This picture made me laugh:

And although the Newton King company went out of business during the 1987 stockmarket crash, there is still the Newton King Tanker Terminal at Port Taranaki today:

Thanks to the Puke Ariki museum for their great article on him.It feels good to put one of lifes puzzles to bed, kind of like learning why the sky is blue or why you should avoid virtual methods calls from a constructor. Now the next time someone inquires about my last name I can talk about the subject without looking like a total burk :)

Json.NET - Simplifying .NET <-> JavaScript communication

JSON (JavaScript Object Notation) is lightweight data interchange format. In recent times JSON has achieved widespread use due to the ease of which it can be parsed and then the data accessed from within JavaScript compared to alternatives like XML.

While many JavaScript libraries exist for converting JSON text to and from a JavaScript object, working with JSON in .NET has been much more problematic. Correctly escaping strings and building up objects when writing JSON text can be difficult and error prone, while parsing values back out of JSON text is harder still.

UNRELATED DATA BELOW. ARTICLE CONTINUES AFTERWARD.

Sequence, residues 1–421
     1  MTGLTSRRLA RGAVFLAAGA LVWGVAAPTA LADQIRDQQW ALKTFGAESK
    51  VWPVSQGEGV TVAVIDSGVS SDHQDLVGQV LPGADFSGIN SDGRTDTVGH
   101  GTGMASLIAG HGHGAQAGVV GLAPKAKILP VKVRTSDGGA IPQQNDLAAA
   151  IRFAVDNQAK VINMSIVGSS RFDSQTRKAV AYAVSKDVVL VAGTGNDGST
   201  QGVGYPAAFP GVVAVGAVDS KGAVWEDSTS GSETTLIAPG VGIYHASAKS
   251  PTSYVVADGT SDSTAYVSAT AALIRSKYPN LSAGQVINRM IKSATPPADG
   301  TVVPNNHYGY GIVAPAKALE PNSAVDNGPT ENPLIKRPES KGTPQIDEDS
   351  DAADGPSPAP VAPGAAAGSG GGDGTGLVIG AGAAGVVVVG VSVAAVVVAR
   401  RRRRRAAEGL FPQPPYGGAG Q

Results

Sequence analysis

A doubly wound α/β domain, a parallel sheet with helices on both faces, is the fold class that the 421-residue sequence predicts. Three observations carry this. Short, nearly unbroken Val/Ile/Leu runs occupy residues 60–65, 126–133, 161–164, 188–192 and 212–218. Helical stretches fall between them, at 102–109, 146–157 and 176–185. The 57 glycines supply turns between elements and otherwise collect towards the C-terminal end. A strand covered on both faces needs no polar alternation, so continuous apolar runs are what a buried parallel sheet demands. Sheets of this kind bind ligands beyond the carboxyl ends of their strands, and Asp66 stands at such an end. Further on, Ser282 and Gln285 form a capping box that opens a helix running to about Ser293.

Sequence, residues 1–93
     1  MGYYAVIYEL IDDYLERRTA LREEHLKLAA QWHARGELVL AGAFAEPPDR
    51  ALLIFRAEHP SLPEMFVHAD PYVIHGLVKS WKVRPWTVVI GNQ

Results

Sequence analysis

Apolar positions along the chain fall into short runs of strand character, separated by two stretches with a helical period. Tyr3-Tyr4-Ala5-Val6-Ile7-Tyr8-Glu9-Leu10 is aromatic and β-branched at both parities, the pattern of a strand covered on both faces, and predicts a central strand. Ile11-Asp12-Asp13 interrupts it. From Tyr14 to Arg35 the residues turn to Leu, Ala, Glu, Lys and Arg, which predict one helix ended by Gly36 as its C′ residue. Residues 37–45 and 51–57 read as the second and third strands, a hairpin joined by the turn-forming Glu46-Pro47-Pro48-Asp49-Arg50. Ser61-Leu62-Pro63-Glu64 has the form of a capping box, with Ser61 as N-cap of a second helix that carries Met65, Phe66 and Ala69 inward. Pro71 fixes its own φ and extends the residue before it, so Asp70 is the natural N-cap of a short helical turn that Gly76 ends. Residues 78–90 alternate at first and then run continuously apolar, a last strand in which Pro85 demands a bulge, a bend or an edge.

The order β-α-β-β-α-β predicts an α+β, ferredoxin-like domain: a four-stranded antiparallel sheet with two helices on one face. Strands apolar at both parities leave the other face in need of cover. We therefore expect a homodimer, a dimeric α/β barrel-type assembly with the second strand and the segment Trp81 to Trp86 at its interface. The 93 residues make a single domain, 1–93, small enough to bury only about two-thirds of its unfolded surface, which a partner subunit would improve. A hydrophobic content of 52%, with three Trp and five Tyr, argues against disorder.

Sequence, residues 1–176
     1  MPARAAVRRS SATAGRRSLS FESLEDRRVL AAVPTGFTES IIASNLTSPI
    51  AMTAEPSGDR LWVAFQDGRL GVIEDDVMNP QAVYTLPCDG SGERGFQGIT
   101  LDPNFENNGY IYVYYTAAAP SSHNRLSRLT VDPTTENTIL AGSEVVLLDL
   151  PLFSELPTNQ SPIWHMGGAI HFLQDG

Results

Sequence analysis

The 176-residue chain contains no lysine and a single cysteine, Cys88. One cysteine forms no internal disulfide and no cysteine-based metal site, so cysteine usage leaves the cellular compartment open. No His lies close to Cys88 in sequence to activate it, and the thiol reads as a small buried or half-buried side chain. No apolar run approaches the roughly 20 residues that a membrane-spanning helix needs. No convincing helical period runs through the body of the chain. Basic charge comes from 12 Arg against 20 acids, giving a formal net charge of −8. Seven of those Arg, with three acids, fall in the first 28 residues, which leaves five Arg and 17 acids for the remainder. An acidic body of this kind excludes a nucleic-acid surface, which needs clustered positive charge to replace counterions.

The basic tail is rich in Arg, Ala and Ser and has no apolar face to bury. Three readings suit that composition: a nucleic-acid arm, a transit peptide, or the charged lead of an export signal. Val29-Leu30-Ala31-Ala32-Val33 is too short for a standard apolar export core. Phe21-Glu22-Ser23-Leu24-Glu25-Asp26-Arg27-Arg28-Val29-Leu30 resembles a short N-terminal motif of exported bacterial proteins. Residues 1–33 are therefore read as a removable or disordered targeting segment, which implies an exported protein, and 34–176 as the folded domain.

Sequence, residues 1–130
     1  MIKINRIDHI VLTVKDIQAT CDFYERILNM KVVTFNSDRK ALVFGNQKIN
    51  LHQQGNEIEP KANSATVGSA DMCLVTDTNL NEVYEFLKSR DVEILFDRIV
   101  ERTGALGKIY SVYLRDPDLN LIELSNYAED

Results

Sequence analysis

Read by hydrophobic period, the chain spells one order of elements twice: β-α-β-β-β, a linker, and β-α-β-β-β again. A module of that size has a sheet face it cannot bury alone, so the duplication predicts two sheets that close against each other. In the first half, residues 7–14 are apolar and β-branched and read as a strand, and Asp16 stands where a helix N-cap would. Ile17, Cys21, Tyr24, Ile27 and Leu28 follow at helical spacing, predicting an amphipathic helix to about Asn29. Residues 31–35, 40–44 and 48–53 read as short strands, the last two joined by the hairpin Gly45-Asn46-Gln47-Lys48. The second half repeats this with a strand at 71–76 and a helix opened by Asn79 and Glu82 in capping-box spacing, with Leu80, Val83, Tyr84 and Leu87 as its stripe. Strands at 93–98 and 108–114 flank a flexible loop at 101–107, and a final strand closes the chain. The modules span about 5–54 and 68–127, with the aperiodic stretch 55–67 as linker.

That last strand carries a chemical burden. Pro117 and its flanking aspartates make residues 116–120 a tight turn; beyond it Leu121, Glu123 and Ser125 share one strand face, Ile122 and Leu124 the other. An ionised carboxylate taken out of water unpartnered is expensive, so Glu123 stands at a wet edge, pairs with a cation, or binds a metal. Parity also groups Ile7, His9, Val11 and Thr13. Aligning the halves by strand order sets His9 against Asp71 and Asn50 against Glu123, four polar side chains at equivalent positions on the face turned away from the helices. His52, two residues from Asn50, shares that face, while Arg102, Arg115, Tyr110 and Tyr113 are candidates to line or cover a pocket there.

Json.NET is a JSON .NET API for simply and safely reading and writing valid JSON text. At the core of Json.NET, similar to the .NET XML APIs, are two classes: JsonReader and JsonWriter. Also like XML in .NET, Json.NET includes a JsonSerializer class.

Reading JSON

JsonReader is a fast, forward only, readonly cursor. Like XmlTextReader it works over the top of a TextReader and maximizes performance while minimizing memory use.

The following code is a brief example of how to read a JSON object.

string jsonText = "['JSON!',1,true,{property:'value'}]";
JsonReader reader = new JsonReader(new StringReader(jsonText));
while (reader.Read())